The series between the Koreans and the top European team not only went the full three games, the entire series also lasted about 6 hours. This was caused by a pause in game one that lasted about 3-4 hours due to gameplay lags experienced by G2 players.

Despite the technical setbacks, the players played on and G2 finally secured their spot in the Finals in an international tournament. It didn’t come easy though, as the first and last games were close.


Game three was notable after G2 played from behind and even lost a Baron after ROX SeongHwan successfully stole it from them at 25 minutes. G2 capitalized on the mistakes of ROX, clawed their way back into the game, and made crucial decisions that will catch ROX off guard.


With G2 securing their spot at the Finals, they awaited the winner between the semifinal matchup between H2k-Gaming and the Flash Wolves. H2k-Gaming earned their spot after closing out an exciting three game series against the LMS’ Hong Kong Esports.


Semifinals – H2K-Gaming vs. Flash Wolves

Like the match before it, the second semifinal went through the full three games.

The first two games looked very close between the Europeans and the team from the LMS. H2k took game one after a long 65 minute game. While the Flash Wolves evened the series out after they won a crucial team fight late in game two and took the Nexus down soon after.


The last game showed a different Flash Wolves as they flexed their early game muscles and took an early advantage, with the help of their jungler, Karsa on Lee Sin. They kept the pressure throughout the game, not allowing H2k-Gaming to poke and siege.

In the end, the Flash Wolves ended the game in 46 minutes and looked confident in closing out the game.


Finals – G2 Esports vs. Flash Wolves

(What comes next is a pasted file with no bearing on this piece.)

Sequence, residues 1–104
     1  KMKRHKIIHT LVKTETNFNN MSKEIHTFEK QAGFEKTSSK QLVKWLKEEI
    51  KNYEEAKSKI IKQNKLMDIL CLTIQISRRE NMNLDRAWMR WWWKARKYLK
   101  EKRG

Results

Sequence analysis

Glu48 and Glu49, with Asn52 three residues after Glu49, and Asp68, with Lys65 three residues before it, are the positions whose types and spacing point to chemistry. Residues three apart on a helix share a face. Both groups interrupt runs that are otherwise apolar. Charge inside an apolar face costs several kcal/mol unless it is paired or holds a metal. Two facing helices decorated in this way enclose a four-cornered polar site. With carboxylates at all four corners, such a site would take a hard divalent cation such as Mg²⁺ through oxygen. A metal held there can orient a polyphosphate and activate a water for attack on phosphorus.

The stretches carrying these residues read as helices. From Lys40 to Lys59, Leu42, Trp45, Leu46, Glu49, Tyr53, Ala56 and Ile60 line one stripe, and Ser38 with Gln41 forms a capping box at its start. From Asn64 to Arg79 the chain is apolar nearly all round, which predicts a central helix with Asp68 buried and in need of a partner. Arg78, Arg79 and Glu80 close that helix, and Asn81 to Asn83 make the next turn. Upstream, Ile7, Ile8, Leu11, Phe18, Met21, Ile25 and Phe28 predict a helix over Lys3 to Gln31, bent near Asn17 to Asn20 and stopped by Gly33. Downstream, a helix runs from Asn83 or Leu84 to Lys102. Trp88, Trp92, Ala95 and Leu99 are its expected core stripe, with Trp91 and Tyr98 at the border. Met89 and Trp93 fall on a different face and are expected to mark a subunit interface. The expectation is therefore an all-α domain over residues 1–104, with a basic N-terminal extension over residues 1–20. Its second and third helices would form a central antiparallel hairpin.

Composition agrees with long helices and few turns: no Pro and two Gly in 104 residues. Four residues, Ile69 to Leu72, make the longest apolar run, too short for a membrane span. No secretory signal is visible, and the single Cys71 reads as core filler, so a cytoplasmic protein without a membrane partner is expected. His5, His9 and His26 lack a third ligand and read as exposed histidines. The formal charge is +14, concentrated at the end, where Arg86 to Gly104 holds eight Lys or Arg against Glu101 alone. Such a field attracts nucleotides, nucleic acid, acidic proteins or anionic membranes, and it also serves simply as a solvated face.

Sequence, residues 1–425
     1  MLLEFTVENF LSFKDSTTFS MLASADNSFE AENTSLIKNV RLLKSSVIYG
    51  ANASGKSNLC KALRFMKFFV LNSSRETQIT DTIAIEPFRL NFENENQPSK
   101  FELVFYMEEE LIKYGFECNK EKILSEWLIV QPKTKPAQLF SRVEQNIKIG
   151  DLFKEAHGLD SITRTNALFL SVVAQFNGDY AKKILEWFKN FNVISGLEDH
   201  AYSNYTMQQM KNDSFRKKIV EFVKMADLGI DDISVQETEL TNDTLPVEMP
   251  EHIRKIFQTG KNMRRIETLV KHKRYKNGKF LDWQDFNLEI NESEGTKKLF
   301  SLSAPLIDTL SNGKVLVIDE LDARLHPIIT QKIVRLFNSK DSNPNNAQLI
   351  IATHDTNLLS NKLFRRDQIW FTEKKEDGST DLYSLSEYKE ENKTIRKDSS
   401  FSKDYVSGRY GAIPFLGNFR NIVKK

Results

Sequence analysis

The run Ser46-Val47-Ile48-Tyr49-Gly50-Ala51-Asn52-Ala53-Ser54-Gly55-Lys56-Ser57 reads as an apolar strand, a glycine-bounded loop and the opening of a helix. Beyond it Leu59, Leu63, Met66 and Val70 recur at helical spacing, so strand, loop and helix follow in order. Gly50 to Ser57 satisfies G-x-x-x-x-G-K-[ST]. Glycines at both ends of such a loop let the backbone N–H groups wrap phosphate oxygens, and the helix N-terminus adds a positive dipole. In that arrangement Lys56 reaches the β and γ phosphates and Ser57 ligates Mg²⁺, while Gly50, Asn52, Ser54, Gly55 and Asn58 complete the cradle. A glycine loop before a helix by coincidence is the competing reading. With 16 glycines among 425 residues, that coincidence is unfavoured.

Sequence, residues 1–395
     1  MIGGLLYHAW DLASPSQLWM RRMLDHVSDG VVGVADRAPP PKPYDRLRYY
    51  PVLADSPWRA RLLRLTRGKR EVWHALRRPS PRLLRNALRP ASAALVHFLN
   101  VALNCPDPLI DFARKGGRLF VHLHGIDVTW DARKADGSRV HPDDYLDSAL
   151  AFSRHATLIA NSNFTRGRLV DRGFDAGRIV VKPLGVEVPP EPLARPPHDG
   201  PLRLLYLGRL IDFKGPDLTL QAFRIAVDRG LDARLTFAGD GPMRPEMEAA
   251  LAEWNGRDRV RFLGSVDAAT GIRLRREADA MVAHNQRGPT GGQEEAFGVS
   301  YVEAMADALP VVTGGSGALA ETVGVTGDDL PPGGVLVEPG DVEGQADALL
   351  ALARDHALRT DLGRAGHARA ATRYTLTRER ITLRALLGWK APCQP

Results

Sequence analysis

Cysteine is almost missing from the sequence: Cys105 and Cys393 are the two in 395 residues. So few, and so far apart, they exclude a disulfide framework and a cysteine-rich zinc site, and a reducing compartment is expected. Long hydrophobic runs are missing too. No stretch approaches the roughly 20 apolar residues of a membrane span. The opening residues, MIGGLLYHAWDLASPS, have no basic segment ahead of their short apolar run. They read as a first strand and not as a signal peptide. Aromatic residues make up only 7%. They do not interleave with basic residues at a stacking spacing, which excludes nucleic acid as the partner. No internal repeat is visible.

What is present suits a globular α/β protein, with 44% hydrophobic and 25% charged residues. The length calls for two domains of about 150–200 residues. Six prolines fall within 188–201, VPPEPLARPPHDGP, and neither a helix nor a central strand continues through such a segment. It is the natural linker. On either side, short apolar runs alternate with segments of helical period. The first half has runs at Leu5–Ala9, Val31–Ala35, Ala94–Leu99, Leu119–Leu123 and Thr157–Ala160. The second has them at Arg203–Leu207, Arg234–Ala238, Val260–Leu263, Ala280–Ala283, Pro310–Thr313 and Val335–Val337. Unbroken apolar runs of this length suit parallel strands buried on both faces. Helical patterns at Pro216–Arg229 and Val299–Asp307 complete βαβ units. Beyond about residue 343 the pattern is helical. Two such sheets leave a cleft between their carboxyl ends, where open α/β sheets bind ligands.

The finals was a rematch from the two teams that survived Group A. In the Group Stage, Flash Wolves took down G2 Esports in their best-of-one forcing the Europeans to the Losers’ Bracket. This time around, the IEM World Championship was at stake between the two teams in their respective regions.

The Flash Wolves continued to ride their momentum from their win against H2k-Gaming, in game one despite giving up an early kill to G2. The LMS top dogs found their opening and continued to play their game while denying G2 theirs. All it took was 32 minutes for Flash Wolves to close out the game against the Europeans.


The second game opened with G2 getting early kills on Flash Wolves yet again. This time G2 tried to ride this momentum only to lose a team fight 20 minutes in. This team fight not only put Flash Wolves on the map, this had momentum switch back into their favor with Baron to boot. The Flash Wolves would use this change in momentum to smother G2, keep them at bay, and would end the game in 26 minutes.


Despite being swept in the Finals, this is the furthest G2 Esports have made it in an international tournament. It puts G2 back on the map and may perhaps be the start of better performances in international tournaments.


While for the Flash Wolves, this is the first international tournament win since 2015 when they won IEM Taipei against the Taipei Assassins.


All photos courtesy of Intel Extreme Masters Facebook


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IEM World Championship Katowice League of Legends Day One and Two recap

The League of Legends leg of the Intel Extreme Masters World Championship Katowice has begun and two teams have already qualified for the Semifinals.